My favorite new magazine of the last five years (alright, so it isn’t very new) is Gun & Garden Magazine.  I describe it to my uneducated friends as “the new and hip Southern Living.”  I love the recipes they have, such as the southern staple, Fried Green Tomatoes.  It’s funny, as the recipe said that patience and temperature were the keys which were “concepts difficult to grasp for us Yankees,: but if you think about it, the Southerners must be equally as impatient to cook a damned tomato that they know is unripe.

Chef Sara Foster gives everything from the BLT with green tomatoes to the simple side dish for fried green tomatoes, frying them all in canola, but adding, “My grandmother probably would have used Crisco vegetable shortening.” We prefer the traditional lard or extra virgin olive oil, but choose your own weapons.

Another useful tip she advises: drain the fried tomatoes on brown paper bags instead of paper towels. To finish off your fried tomatoes, Foster says, “Sprinkle them with sea salt when they’re hot. It absorbs a little better.”

This recipe is actually not the one featured by Chef Foster, but yet another in the magazine recently, which we kicked up Western Style

INGREDIENTS

  • 4 to 6 green tomatoes, sliced
  • For the Wash:  2 cups buttermilk (old-fashioned whole buttermilk that still has fat in it) mixed with 2 farm fresh eggs, beaten
  • For the Dredge:  2 cups White Lily (self-rising) flour mixed with 1 cup stone-ground (medium) cornmeal,
    1 t. garlic powder, 1 t. onion powder, generous pinch of Fleur de Sel, freshly ground black pepper, and a big pinch of Creole Seasoning (Emeril’s Bayou Blast), a little sugar never hurts either
  • 2 c. pork fat, lard, vegetable or olive oil (or any combination thereof) mixed with 1 c. butter

INSTRUCTIONS:

Place sliced tomatoes in colander. Salt lightly, and let sit for about 5 minutes to help draw out moisture. Rinse under cool water and pat dry with paper towels on a plate lined with paper towels.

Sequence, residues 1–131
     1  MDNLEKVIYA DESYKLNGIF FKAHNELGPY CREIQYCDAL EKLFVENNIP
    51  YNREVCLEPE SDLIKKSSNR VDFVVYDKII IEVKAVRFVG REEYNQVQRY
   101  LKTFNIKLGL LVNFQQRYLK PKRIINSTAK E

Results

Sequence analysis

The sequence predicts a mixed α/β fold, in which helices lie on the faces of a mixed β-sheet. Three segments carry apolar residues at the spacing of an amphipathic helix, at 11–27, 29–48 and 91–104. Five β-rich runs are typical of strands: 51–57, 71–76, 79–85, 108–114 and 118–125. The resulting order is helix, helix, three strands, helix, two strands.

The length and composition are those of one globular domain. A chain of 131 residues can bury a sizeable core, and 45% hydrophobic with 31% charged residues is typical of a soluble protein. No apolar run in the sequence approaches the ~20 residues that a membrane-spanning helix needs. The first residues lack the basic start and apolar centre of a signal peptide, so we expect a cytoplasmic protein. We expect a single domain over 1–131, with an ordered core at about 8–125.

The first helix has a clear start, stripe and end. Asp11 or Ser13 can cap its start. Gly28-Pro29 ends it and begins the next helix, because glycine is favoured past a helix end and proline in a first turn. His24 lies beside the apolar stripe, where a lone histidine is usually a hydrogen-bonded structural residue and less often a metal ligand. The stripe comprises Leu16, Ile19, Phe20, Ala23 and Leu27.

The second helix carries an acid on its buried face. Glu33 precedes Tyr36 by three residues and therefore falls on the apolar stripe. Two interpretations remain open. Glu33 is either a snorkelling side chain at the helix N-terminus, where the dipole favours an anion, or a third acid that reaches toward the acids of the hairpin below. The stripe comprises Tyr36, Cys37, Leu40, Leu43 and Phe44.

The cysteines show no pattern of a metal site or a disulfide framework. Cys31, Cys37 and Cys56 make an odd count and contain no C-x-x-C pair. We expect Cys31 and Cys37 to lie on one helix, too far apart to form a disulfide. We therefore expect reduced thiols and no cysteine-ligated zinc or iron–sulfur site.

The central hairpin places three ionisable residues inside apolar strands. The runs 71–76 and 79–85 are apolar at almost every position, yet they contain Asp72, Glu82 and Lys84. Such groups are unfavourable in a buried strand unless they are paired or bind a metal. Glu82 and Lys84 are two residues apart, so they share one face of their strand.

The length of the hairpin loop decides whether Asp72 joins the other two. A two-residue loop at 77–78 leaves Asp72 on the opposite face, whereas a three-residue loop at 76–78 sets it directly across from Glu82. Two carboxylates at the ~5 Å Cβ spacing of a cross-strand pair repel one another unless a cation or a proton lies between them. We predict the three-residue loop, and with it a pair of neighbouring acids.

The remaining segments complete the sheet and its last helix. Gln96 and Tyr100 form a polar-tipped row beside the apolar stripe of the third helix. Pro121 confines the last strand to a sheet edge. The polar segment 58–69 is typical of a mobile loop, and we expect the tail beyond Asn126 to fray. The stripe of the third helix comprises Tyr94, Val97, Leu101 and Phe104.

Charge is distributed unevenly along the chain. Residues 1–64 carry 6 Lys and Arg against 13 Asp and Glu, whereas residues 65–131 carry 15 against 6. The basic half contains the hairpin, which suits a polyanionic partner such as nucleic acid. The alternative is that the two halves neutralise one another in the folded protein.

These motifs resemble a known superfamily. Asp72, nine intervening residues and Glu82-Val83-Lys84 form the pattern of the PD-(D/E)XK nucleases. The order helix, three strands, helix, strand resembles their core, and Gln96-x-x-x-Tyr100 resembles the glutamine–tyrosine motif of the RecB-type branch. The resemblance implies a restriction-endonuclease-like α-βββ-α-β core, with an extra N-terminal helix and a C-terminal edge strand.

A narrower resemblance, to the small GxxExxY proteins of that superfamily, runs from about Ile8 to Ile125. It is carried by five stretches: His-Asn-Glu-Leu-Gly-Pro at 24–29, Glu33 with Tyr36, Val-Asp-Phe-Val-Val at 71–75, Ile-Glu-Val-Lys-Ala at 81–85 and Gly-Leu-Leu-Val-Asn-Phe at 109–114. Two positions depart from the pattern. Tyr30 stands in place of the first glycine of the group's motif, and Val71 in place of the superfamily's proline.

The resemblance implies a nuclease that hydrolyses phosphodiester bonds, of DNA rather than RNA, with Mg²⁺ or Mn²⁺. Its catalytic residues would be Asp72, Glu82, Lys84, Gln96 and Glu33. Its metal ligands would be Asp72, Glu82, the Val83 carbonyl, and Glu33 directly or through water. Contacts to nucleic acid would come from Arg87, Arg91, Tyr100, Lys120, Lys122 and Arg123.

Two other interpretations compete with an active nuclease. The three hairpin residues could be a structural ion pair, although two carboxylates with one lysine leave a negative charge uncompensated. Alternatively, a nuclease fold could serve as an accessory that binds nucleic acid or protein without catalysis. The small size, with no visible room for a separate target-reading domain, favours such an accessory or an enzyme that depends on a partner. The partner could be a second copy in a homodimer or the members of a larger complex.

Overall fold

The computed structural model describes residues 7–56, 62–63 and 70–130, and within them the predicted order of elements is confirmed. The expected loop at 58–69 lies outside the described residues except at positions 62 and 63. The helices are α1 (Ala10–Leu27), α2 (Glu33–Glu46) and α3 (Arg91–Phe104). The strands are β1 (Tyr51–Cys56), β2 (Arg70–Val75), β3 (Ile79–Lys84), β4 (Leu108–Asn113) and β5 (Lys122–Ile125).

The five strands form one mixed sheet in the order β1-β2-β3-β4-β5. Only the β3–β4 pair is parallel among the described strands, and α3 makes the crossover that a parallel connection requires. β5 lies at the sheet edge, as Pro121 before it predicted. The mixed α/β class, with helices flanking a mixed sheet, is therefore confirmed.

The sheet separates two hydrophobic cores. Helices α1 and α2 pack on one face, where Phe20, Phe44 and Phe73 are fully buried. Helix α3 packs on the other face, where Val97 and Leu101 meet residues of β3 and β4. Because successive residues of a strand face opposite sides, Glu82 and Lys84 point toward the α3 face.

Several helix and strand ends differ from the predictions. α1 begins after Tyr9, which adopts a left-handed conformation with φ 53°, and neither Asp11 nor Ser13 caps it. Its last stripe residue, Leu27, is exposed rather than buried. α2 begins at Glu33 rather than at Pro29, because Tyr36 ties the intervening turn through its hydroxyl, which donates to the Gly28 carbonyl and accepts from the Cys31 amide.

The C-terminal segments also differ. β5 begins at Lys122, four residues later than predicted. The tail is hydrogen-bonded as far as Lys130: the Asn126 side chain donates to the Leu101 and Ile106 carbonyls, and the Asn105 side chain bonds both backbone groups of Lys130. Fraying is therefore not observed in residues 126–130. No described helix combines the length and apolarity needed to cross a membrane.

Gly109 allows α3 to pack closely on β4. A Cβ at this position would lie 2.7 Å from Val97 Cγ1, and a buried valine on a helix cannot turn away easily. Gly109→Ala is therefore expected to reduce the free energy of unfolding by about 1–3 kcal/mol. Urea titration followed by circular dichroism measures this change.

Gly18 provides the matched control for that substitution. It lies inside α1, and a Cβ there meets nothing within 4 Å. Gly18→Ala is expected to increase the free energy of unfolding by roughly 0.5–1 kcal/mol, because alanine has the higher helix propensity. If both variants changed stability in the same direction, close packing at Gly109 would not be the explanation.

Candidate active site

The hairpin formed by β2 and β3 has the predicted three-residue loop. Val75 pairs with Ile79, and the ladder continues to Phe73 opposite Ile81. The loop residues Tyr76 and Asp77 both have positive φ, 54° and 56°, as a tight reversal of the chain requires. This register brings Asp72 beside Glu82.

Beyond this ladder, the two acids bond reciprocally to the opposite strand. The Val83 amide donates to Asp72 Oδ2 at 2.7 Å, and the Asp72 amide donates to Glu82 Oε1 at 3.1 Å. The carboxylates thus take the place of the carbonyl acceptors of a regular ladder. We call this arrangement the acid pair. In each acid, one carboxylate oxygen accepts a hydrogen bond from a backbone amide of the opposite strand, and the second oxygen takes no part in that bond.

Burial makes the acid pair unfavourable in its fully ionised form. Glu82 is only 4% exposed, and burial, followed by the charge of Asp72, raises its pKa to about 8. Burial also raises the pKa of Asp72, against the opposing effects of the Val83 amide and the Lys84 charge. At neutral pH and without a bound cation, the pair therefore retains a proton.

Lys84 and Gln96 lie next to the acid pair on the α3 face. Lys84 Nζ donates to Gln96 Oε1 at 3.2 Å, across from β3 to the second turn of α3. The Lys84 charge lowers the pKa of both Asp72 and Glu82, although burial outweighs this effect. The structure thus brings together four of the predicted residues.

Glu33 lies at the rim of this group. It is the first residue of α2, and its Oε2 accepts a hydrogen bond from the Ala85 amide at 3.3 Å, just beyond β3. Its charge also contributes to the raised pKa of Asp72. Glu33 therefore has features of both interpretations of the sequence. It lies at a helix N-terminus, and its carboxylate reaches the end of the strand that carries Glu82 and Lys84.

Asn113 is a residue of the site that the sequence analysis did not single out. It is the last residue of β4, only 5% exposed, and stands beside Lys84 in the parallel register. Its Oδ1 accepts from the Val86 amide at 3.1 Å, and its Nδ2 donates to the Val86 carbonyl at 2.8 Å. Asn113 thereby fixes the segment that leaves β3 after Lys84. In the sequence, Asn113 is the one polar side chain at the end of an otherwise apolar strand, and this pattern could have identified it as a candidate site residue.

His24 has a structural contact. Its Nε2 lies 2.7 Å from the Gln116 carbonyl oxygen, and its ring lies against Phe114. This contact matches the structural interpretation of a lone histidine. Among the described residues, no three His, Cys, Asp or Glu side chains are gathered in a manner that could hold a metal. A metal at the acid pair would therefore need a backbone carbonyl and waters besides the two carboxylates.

Dunk each slice in the wash and then in the dredge, gently shaking off excess.  Or get ziplock bags of each, toss a few in and shake (don’t bake).

In a cast-iron skillet over high heat, bring butter and lard/oil to 350ºF (spitting hot). Reduce heat to stabilize. Working 3 slices at a time, fry the tomatoes until golden brown, turning only once (about 3 to 4 minutes total cooking time). Use a spatula to flip the tomatoes away from you so you don’t get splashed. Transfer each batch to drain on paper towels.

Buttermilk Green Goddess Dressing

This dressing was created in the 1920s by San Francisco’s Palace Hotel in honor of a play by the same name. Adapted from Alice Waters, of Chez Panisse restaurant in Berkeley, Calif., as printed in Food and Wine magazine.

  • 1 small shallot, minced
  • 1 clove garlic, minced
  • 1 T. white wine vinegar
  • 1 T. fresh lemon juice
  • 2 t. fresh lime juice
  • 1 egg yolk, at room temperature
  • 1/2 c. extra-virgin olive oil
  • 1 ripe avocado
  • 3 T. chopped fresh parsley
  • 1 T. chopped tarragon
  • 1 T. chopped basil
  • 1 T. chopped cilantro
  • 1 T. chopped chives
  • Salt and freshly ground pepper

INSTRUCTIONS:

In a small bowl, combine the shallot with the garlic, vinegar and lemon and lime juices. Let stand for 5 minutes.

In a medium bowl, beat the yolk with a whisk. Gradually add half of the olive oil in a thin drizzle to the yolk, whisking constantly. Add 1 tablespoon of liquid from the shallot mixture, then whisk the yolk mixture into the remaining olive oil. Add the avocado and mash it in with a fork. Whisk in the remaining shallot mixture and the herbs, and season with salt and pepper.

ALTERNATE VERSION WITH SHRIMP REMOULADE INSTEAD OF DRESSING

  • 1 1/2 cups heavy-duty mayonnaise
  • 1/2 cup Creole mustard
  • 1 tbsp Worcestershire sauce
  • 1 tsp hot pepper sauce (Chef Folse likes Louisiana Gold, but Tabasco will do)
  • 1/2 cup finely diced green onions
  • 1/4 cup finely diced celery
  • 2 tbsp minced garlic
  • 1/4 cup finely chopped parsley
  • 1/2 tbsp lemon juice
  • salt and cracked black pepper to taste
  • 3 dozen 21-25 count boiled shrimp, peeled and deveined

In a mixing bowl, combine all of the above ingredients, whisking well to incorporate the seasonings. Once blended, cover and place in the refrigerator, preferably overnight. A minimum of four hours will be required for flavor to be developed. When ready, remove from refrigerator and adjust seasonings to taste. Place six shrimp on a leaf of romaine or other colored lettuce and spoon a generous serving of remoulade sauce on top of the shrimp. Do not sauce shrimp prior to service, as they will lose their firm texture. Serves 6.